FEATURE

Creating a dialogue

Grosvenor, in partnership with Stow and art consultancy firm Art Acumen, are bringing fresh, thought-provoking artwork to the estate. We learn about their latest programme at 33 Davies Street, Mayfair
Lucy Unwin is the artist of the moment at 33 Davies Street. Her piece, Merriment, sits in a space at the foot of the building’s staircase, visible to anyone who enters the lobby as well as passers by on the street outside. Merriment is a galvanised steel sculpture of three people holding hands in a circle. It’s jovial, interesting and has a sense of movement to it, despite the hard material it’s made from.

It’s been put there by Lucy and Art Acumen’s Catherine Thomas, who has been working in partnership with Grosvenor for around a decade. “Art Acumen is about offering bespoke projects to a wide range of individual clients, whether that’s a private individual, a developer or corporate occupier or a public space; each one will have different requirements. Art Acumen aims to align a piece of art to a client’s values,” Catherine explains.

The art on display is there to engage people and inspire them to communicate and take part in debate, as Catherine elaborates: “Art is an emotive subject. Art Acumen is driven to create spaces, whether they’re work environments or public spaces, that inspire and engage with people in a meaningful way.”
Community engagement
However, it’s not just a piece of art displayed forever and eternity; what’s happening at 33 Davies Street is a programme designed to create communication in the immediate environment. This is all part of Grosvenor’s keen commitment to encouraging a wide variety of cultural activity in Mayfair. “From now on, each company in the building will get to choose what goes on display for six months at a time,” Catherine says. “Together with Grosvenor and Stow, we’ve established an art programme that will try to engage a decision-making process in a multi-tenanted building. It has allowed an opportunity for companies in this building to communicate with each other.”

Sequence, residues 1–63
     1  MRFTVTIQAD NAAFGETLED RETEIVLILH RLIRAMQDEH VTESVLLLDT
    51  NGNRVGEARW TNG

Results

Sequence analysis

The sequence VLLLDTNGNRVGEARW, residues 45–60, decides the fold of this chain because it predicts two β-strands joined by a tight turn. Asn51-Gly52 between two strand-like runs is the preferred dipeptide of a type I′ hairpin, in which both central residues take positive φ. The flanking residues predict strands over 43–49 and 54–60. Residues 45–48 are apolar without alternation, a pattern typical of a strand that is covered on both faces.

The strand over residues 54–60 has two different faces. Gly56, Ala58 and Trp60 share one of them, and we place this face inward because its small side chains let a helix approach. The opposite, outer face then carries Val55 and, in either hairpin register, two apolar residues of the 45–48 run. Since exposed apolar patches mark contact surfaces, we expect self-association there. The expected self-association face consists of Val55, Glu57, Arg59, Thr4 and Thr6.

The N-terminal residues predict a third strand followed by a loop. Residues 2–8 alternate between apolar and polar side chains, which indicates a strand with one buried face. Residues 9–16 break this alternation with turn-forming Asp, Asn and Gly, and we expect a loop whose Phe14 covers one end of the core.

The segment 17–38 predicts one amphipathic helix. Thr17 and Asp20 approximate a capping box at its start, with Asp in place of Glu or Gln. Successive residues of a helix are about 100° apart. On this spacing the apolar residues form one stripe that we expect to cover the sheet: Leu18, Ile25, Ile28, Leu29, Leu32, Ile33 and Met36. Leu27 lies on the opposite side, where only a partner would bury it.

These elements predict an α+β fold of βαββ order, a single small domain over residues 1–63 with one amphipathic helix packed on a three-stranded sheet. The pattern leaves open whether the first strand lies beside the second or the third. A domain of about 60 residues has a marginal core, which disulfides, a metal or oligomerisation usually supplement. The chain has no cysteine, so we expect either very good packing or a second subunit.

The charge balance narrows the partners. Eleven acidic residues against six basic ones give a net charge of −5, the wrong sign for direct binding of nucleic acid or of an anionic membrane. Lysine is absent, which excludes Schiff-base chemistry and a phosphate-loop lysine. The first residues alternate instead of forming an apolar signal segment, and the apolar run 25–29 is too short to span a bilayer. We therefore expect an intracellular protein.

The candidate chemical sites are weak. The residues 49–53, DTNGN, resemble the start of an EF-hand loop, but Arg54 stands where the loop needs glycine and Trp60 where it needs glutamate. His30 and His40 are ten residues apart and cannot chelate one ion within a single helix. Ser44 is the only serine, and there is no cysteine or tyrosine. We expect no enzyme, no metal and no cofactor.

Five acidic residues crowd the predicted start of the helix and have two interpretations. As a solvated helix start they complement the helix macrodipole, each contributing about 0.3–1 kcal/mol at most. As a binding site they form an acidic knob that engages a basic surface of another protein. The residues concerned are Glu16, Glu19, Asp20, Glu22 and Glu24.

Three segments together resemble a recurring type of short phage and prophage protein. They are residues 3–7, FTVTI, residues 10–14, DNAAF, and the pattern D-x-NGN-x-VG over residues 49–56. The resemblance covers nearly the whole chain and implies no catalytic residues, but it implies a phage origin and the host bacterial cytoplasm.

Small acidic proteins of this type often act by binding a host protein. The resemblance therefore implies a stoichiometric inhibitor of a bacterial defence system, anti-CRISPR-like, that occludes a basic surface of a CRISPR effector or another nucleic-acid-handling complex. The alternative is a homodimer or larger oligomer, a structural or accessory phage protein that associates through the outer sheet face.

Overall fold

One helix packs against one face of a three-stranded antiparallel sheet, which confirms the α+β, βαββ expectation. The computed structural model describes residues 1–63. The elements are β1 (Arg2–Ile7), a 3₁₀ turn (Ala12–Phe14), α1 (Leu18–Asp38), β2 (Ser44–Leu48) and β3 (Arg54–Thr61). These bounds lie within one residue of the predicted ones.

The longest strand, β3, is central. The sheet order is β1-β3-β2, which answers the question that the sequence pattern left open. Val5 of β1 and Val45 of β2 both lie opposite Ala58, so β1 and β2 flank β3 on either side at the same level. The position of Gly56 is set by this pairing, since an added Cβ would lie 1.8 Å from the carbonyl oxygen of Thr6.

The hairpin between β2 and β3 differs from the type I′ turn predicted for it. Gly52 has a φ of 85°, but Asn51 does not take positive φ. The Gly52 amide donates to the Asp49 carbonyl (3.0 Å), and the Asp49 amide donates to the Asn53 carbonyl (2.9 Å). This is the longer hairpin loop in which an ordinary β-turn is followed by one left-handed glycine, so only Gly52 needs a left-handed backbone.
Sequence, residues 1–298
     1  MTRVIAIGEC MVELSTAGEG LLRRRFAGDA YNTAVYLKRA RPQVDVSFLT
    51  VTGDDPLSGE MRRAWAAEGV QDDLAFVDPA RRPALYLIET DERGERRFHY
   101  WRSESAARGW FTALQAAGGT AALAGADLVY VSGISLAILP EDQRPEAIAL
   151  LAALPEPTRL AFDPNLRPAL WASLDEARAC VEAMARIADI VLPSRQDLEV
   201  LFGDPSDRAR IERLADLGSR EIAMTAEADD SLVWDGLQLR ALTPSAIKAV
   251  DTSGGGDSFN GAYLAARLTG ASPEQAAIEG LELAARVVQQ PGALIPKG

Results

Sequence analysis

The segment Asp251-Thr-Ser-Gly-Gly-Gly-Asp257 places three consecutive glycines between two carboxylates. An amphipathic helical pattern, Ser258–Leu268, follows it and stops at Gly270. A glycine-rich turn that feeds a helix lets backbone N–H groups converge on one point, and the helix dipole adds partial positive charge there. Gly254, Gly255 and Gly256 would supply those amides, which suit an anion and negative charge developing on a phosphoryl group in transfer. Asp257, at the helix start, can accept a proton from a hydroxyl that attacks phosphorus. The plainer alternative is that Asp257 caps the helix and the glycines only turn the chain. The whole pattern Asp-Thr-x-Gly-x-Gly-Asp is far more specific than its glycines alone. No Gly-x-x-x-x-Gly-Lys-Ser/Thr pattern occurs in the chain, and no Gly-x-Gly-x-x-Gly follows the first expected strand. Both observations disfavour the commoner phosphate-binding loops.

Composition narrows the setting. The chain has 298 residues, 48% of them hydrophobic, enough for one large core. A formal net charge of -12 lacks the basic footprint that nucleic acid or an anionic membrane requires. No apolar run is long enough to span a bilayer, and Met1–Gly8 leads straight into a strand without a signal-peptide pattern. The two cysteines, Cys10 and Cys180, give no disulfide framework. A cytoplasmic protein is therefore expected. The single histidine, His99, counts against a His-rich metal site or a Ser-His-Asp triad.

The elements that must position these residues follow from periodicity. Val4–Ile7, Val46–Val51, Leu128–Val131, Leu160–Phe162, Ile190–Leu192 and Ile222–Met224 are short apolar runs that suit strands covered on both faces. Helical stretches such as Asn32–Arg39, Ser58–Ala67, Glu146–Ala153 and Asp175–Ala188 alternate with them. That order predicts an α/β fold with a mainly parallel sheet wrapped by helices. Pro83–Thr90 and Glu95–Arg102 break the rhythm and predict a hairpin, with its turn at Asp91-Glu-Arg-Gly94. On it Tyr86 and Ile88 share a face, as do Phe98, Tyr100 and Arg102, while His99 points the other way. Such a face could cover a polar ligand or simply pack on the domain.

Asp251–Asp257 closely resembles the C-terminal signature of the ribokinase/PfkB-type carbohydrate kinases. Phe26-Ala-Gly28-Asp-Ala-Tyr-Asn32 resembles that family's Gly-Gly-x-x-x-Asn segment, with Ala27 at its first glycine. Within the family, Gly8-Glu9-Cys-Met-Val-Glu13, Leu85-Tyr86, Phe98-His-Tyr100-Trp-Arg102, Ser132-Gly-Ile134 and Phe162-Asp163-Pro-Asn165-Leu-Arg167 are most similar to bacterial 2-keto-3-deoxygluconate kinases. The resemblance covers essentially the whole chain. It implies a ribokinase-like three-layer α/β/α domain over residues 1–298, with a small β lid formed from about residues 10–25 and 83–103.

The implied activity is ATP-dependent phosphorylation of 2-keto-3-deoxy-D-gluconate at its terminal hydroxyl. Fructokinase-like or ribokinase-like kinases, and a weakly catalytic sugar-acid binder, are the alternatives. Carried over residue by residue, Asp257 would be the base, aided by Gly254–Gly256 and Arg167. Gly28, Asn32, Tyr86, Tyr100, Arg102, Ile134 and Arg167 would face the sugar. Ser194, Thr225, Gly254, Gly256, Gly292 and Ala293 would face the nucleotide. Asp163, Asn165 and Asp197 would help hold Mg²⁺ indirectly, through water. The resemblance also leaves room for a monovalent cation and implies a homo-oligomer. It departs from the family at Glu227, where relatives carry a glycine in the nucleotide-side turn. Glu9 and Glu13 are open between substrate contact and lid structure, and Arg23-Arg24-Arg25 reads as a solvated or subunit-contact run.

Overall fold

This rotating programme allows them to showcase a variety of artwork, to ensure the display retains interest. “If we always featured a stone sculpture, it would be noticed less,” Catherine explains. “I think the pieces stand out more if they are different and display different techniques and artistic language.”

Merriment is certainly an interesting piece, and was even catching the eyes of passers-by while it was being installed. “When we were setting up, four or five different people came over within the space of an hour to ask about the piece,” remembers Lucy. Perhaps it’s because the piece holds such a universal appeal. “The sculpture shows a group of people holding hands in a circle,” she explains. “Holding hands is such a basic human action. When you meet someone new you shake their hand and holding hands can be an intimate gesture so I think it works really well in a sculpture.”